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Jesse Owens at the 1936 Olympics.

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Jesse Owens at the 1936 Olympics The Berlin Olympics of 1936 were to be the crowning showcase of the National Socialist Government in Germany. They would prove on an international stage that Aryan supremacy was a living reality. The Nazi establishment carefully choreographed the Olympics to support their ideology. Adolf Hitler had planned to use the event to show the supremacy of the nation, especially concentrating on trying to prove that those not of Aryan race were of a lesser breed. There was one thing, however, that they didn't count on - a black man by the name of James Cleveland Owens "A remarkable fact of Jesse Owens becoming one of the most recognisable black athletes is, that as a child he was extremely unhealthy. He suffered from chronic bronchial congestion, which meant difficulty breathing and pneumonia, potentially a life threatening condition." (Jesse Owens Biography) Born James Cleveland Owens in 1913, he established himself as an up and coming athlete at middle school in Cleveland, where his family had moved from Alabama. It was there that he met Charles Riley, who became his coach. " Riley recognized immediately that he had a precocious talent on his hands and immediately began training the youngster in all aspects of athletics." ...read more.


Owens took the advice, and qualified. By the fifth jump the two men were tied at exactly twenty-five feet, ten and a half inches. This was a new Olympic Record. But Owens leaped 26-33/4 on his next attempt and won the gold medal with a final jump of 26-51/2. The first to congratulate the Olympic record holder was Long, the tall, blue eyed, blonde, who looked like the model Nazi but wasn't. The German took the silver medal. The two athletes, one black and one white, then embraced, strolling around the stadium arm in arm. This was definitely not the picture that the Nazis had envisioned. "One German official even complained that the Americans were letting "non-humans, like Owens and other Negro athletes," compete." (Owens Pierced a Myth) "It took a lot of courage for him to befriend me in front of Hitler," Owens said. "You can melt down all the medals and cups I have and they wouldn't be a plating on the 24-karat friendship I felt for Luz Long at that moment. Hitler must have gone crazy watching us embrace. The sad part of the story is I never saw Long again. ...read more.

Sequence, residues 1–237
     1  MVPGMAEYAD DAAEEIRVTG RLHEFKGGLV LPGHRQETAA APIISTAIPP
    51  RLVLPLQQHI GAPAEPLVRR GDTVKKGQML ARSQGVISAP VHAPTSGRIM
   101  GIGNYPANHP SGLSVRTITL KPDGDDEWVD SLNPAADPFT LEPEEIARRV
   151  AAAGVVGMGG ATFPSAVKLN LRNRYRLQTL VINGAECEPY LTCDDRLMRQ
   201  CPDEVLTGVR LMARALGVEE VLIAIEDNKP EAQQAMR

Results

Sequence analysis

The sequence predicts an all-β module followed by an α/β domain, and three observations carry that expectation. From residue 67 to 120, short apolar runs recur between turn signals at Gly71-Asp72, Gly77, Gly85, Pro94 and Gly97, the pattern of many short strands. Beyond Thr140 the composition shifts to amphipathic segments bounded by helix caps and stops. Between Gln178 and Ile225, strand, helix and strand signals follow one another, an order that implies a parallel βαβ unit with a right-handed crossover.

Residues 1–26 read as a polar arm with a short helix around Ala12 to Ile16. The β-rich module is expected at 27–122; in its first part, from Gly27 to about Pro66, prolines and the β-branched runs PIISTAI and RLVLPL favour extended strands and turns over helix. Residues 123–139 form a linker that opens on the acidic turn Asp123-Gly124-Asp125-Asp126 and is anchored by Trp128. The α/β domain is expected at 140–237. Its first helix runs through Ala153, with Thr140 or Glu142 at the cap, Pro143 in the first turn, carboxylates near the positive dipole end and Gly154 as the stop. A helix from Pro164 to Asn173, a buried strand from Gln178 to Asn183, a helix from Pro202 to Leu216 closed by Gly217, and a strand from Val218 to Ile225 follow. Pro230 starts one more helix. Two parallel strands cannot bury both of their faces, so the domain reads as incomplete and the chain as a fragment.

He was a true legend in his own time. In February 1979, he returned to the White House, where President Carter presented him with the Living Legend Award. On that occasion, the President said, "A young man who possibly didn't even realize the superb nature of his own capabilities went to the Olympics and performed in a way that I don't believe has ever been equalled since...and since this superb achievement, he has continued in his own dedicated but modest way to inspire others to reach for greatness". (Who is Jesse Owens) Jesse Owens died on March 31, 1980 and President Carter added his voice to the tributes that poured in from around the world. "Perhaps no athlete better symbolized the human struggle against tyranny, poverty and racial bigotry. His personal triumphs as a world-class athlete and record holder were the prelude to a career devoted to helping others. His work with young athletes, as an unofficial ambassador overseas, and a spokesman for freedom are a rich legacy to his fellow Americans". (ibid) Four years later, a street in Berlin was renamed in his honor. A decade after his death, President Bush 'posthumously' awarded Owens the Congressional Medal of Honor. Bush called his victories in Berlin "an unrivaled athletic triumph, but more than that, a triumph for all humanity. ...read more.

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